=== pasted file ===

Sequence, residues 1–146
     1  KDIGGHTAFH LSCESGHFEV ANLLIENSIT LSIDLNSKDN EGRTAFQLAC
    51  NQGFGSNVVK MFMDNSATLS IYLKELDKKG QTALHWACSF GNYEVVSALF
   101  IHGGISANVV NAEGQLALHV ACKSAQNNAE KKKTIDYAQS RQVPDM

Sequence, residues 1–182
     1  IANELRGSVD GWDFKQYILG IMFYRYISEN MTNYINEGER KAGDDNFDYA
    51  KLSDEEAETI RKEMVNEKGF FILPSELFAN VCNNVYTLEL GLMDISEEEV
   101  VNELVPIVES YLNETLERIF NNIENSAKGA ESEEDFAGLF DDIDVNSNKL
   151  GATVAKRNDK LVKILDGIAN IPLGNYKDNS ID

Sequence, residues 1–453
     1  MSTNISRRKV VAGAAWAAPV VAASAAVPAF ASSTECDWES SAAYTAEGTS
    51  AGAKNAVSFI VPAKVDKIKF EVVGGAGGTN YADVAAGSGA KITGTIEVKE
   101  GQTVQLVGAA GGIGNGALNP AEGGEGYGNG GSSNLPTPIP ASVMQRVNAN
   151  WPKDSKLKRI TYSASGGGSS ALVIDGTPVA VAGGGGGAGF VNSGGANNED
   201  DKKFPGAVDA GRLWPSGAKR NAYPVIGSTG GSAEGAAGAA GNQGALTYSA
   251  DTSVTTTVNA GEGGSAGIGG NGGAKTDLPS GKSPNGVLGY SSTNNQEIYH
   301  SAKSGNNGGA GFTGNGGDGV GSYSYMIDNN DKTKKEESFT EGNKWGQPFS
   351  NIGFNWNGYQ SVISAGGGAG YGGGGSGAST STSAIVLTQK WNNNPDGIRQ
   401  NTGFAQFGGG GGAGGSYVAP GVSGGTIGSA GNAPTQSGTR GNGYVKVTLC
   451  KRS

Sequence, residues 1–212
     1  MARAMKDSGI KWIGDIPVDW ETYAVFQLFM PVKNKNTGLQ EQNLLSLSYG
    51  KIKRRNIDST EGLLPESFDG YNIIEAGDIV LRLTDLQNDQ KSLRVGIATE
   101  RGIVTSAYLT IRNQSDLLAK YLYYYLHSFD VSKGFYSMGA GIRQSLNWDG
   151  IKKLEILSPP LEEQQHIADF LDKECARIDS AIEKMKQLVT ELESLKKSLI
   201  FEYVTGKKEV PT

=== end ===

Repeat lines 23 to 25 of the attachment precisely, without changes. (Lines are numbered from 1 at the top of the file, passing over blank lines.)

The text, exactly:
    51  KIKRRNIDST EGLLPESFDG YNIIEAGDIV LRLTDLQNDQ KSLRVGIATE
   101  RGIVTSAYLT IRNQSDLLAK YLYYYLHSFD VSKGFYSMGA GIRQSLNWDG
   151  IKKLEILSPP LEEQQHIADF LDKECARIDS AIEKMKQLVT ELESLKKSLI